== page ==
In recent years, Fama has become controversial again, for a series of papers, co-written with Kenneth French, that cast doubt on the validity of the Capital Asset Pricing Model (CAPM), which posits that a stock's beta alone should explain its average return. These papers describe two factors above and beyond a stock's market beta which can explain differences in stock returns: market capitalization and "value". They also offer evidence that a variety of patterns in average returns, often labeled as "anomalies" in past work, can be explained with their Fama–French three-factor model.
Financial economics is the branch of economics characterized by a "concentration on monetary activities", in which "money of one type or another is likely to appear on both sides of a trade". Its concern is thus the interrelation of financial variables, such as prices, interest rates and shares, as opposed to those concerning the real economy. It has two main areas of focus: asset pricing and corporate finance; the first being the perspective of providers of capital, i.e. investors, and the second of users of capital.
In finance, the capital asset pricing model (CAPM) is a model used to determine a theoretically appropriate required rate of return of an asset, to make decisions about adding assets to a well-diversified portfolio.
The efficient-market hypothesis (EMH) is a hypothesis in financial economics that states that asset prices reflect all available information. A direct implication is that it is impossible to "beat the market" consistently on a risk-adjusted basis since market prices should only react to new information. Since risk adjustment is central to the EMH, and yet the EMH does not specify a model of risk, the EMH is untestable. As a result, research in financial economics since at least the 1990s has focused on market anomalies, that is, deviations from specific models of risk.
The Chicago school of economics is a neoclassical school of economic thought associated with the work of the faculty at the University of Chicago, some of whom have constructed and popularized its principles.
A market anomaly in a financial market is predictability that seems to be inconsistent with theories of asset prices. Standard theories include the capital asset pricing model and the Fama-French Three Factor Model, but a lack of agreement among academics about the proper theory leads many to refer to anomalies without a reference to a benchmark theory. Indeed, many academics simply refer to anomalies as "return predictors", avoiding the problem of defining a benchmark theory.
The random walk hypothesis is a financial theory stating that stock market prices evolve according to a random walk and thus cannot be predicted. It is consistent with the efficient-market hypothesis.
Kenneth Ronald "Ken" French is the Roth Family Distinguished Professor of Finance at the Tuck School of Business, Dartmouth College. He has previously been a faculty member at MIT, the Yale School of Management, and the University of Chicago Booth School of Business. He is most famous for his work on asset pricing with Eugene Fama. They wrote a series of papers that cast doubt on the validity of the Capital Asset Pricing Model (CAPM), which posits that a stock's beta alone should explain its average return. These papers describe two factors above and beyond a stock's market beta which can explain differences in stock returns: market capitalization and "value". They also offer evidence that a variety of patterns in average returns, often labeled as "anomalies" in past work, can be explained with their Fama–French three-factor model.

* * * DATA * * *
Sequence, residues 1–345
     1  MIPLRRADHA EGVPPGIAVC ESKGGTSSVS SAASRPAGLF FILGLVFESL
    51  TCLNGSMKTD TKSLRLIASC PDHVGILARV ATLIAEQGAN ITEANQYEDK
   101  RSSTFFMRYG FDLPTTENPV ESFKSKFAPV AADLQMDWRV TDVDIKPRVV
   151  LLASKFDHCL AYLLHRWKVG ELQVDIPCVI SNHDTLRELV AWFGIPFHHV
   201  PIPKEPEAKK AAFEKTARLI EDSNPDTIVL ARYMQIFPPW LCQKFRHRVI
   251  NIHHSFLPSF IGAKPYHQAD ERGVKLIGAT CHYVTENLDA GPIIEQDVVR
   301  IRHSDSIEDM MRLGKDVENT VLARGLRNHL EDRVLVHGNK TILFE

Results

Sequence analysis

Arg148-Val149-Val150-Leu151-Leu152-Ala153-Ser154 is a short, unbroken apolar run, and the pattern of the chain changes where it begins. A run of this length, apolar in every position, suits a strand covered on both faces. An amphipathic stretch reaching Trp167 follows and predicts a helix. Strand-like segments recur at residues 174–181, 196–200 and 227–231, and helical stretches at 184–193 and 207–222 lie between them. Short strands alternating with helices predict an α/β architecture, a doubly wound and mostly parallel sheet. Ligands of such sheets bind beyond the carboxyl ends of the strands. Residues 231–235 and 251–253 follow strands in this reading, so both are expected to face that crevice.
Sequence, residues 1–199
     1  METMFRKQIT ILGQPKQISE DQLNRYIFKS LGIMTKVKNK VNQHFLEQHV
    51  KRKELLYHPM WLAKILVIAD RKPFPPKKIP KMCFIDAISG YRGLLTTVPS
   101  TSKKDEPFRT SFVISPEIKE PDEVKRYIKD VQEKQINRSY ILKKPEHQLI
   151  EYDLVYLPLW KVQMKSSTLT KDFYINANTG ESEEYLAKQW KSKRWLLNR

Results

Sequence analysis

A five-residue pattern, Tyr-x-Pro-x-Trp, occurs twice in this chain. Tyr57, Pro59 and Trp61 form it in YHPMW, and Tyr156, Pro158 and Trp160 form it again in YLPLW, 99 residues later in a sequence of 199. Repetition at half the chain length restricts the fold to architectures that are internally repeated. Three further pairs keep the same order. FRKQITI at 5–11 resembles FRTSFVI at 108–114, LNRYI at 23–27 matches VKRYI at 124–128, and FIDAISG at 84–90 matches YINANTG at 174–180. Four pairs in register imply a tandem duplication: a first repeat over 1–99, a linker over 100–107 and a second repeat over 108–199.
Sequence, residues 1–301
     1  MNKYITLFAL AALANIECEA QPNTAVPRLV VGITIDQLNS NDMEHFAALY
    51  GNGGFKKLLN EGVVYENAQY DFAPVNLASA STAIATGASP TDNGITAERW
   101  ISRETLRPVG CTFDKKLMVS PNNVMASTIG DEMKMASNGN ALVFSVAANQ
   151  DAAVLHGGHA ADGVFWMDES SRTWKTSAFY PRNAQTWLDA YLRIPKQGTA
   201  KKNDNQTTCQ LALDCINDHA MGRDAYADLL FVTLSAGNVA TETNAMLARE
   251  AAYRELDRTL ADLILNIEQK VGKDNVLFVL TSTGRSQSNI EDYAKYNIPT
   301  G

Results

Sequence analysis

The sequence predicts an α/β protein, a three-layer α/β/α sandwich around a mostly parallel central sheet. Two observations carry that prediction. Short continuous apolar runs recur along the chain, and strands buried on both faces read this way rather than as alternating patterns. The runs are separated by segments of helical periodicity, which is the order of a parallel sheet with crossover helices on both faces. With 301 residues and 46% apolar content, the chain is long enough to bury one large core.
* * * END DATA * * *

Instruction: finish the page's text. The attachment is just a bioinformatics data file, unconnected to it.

Fundamentally based indexes are indices in which stocks are weighted by one of many economic fundamental factors, especially accounting figures which are commonly used when performing corporate valuation, or by a composite of several fundamental factors. A potential benefit with composite fundamental indices is that they might average out specific sector biases which may be the case when only using one fundamental factor. A key belief behind the fundamental index methodology is that underlying corporate accounting/valuation figures are more accurate estimators of a company's intrinsic value, rather than the listed market value of the company, i.e. that one should buy and sell companies in line with their accounting figures rather than according to their current market prices. In this sense fundamental indexing is linked to so-called fundamental analysis.
There are several concepts of efficiency for a financial market. The most widely discussed is informational or price efficiency, which is a measure of how quickly and completely the price of a single asset reflects available information about the asset's value. Other concepts include functional/operational efficiency, which is inversely related to the costs that investors bear for making transactions, and allocative efficiency, which is a measure of how far a market channels funds from ultimate lenders to ultimate borrowers in such a way that the funds are used in the most productive manner.
Robert James Shiller is an American economist, academic, and best-selling author. As of 2019, he serves as a Sterling Professor of Economics at Yale University and is a fellow at the Yale School of Management's International Center for Finance. Shiller has been a research associate of the National Bureau of Economic Research (NBER) since 1980, was vice president of the American Economic Association in 2005, its president-elect for 2016, and president of the Eastern Economic Association for 2006–2007. He is also the co‑founder and chief economist of the investment management firm MacroMarkets LLC.